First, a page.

• Jason Rhoades

    Rosamund Felsen Gallery

    Not satisfied with the visionary and the genius, the ’70s art world began marketing a new line of action hero, a kind of AWOL. G.I. Joe who staged reckless experiments using improper materials (polyurethane, loaded guns, raw meat) and whose antics were greeted by much horror and excitement. Critics outfitted this basement scientist with a beret and some structuralist vocabulary and announced the discovery of the bricoleur. Today, with a bookish art scene eager to prove it’s still crazy after all these years (or perhaps imports from France have gone beyond theory to love of Jerry Lewis?), that

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  • Nancy Evans

    Sue Spaid Fine Art

    There are several independent painters working in L.A. who do strange things and don’t give a rat’s ass about the worldwide hit parade. Or if they do, the parade never went around their block and they learned to live without it. This isn’t to say that these painter are unambitious, it’s just that they have better things to do than look over their shoulders for applause and cuddles, winking knowingly at last year’s model and throwing fits about their new-and-improvedness. They’re more into freaky problems in the studio, the weirdness of making marks, colors and surfaces, the intoxicating language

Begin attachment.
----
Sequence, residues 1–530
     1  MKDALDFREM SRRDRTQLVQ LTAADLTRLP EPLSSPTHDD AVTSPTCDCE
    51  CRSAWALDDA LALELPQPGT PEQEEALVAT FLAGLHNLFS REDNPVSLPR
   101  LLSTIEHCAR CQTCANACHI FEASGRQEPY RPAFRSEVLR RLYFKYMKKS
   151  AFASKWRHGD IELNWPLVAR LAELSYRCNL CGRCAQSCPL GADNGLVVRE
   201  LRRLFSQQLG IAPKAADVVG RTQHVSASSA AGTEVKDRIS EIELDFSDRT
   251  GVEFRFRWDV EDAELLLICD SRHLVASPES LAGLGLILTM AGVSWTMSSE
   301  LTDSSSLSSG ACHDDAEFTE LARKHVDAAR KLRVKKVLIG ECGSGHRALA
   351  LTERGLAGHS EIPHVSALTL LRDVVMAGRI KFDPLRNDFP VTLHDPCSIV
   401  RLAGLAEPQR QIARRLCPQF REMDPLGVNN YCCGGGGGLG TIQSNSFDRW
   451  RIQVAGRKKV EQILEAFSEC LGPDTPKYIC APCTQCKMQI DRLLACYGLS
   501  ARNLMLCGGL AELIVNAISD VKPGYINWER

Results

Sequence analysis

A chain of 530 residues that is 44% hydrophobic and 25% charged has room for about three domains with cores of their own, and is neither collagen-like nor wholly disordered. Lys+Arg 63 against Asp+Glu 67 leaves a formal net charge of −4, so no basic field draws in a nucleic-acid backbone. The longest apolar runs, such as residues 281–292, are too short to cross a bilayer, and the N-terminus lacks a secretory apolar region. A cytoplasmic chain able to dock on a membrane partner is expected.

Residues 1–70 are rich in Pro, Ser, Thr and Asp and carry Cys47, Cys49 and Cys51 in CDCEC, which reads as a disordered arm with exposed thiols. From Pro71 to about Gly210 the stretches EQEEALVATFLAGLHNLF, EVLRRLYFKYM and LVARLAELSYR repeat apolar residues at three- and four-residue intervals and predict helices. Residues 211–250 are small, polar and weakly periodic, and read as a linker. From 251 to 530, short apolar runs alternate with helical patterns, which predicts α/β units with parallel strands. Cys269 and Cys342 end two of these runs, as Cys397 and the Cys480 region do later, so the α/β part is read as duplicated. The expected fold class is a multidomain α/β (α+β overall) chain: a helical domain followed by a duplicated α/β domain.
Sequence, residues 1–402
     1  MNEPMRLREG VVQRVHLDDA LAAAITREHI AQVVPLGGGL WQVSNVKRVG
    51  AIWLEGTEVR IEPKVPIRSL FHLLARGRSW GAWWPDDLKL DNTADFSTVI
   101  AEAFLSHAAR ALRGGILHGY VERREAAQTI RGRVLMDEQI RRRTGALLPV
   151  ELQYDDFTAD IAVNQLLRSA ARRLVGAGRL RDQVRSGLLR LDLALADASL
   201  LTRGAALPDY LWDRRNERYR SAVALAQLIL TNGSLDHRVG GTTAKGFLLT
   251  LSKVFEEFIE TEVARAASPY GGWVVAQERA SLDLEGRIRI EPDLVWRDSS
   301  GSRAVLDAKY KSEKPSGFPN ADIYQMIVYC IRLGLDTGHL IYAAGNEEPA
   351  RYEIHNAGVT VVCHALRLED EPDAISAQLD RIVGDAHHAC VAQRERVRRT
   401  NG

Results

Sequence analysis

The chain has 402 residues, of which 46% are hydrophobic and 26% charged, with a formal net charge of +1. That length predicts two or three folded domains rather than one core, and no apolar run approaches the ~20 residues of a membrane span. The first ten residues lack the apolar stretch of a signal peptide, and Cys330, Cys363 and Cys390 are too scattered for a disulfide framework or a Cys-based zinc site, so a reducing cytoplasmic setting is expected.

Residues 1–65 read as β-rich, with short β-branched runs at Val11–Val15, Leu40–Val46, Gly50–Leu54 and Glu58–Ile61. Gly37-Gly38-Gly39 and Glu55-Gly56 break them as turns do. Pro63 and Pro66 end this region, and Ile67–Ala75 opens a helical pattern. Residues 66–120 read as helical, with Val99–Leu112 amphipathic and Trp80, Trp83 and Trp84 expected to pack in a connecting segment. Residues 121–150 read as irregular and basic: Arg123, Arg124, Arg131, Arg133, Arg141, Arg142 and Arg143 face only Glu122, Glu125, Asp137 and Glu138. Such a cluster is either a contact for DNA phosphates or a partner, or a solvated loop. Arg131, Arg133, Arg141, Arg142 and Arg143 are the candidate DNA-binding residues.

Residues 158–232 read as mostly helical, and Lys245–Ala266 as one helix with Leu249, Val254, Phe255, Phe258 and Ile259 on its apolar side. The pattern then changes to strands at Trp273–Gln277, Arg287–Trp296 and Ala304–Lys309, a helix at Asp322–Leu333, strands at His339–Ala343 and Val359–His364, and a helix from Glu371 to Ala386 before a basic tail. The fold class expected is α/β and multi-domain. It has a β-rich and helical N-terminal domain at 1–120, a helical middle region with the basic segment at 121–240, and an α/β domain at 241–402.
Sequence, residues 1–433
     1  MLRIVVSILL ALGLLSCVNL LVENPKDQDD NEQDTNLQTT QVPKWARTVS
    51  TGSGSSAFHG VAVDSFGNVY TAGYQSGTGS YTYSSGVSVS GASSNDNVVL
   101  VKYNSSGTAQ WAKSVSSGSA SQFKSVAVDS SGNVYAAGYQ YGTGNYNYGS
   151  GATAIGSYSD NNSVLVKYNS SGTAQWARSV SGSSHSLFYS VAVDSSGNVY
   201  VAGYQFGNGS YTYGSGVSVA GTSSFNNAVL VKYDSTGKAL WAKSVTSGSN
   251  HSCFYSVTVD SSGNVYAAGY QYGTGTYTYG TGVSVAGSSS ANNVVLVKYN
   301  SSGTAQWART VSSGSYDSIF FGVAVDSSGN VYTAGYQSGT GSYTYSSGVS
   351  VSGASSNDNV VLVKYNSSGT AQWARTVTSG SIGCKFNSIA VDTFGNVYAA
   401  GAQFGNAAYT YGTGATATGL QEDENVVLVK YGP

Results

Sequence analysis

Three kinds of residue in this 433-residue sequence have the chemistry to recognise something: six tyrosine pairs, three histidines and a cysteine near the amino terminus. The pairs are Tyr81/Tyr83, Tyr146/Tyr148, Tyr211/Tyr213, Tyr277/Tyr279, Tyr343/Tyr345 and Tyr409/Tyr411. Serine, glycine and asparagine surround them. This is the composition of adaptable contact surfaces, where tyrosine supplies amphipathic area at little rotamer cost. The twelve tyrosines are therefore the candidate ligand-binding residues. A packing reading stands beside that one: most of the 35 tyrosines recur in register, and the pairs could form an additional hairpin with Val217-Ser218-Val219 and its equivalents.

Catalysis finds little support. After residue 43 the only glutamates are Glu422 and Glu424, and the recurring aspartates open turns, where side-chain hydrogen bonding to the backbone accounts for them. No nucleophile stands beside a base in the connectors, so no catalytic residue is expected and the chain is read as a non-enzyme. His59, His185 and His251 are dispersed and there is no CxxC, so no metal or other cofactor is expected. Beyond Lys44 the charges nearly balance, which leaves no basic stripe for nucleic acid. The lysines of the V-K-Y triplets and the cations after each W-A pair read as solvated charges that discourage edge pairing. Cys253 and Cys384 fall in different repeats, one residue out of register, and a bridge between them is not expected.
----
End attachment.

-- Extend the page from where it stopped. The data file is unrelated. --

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  • Karen Finley


    Karen Finley’s exhibition “St. Kilda” presented an assortment of works that dealt with bereavement and the regressive, helpless condition it can reduce us to. In Written in Sand, 1992–94, a memorial installation first shown at HallWalls in Buffalo, ten tons of damp sand were deposited in a dim, gilded room, and the sand hillocks that formed were topped with flickering white votive candles. A handwritten text on the wall invited you to “write the names of those you have loved and lost” in the sand and then to smooth them away.

    The main gallery contained nine framed pieces that resembled giant

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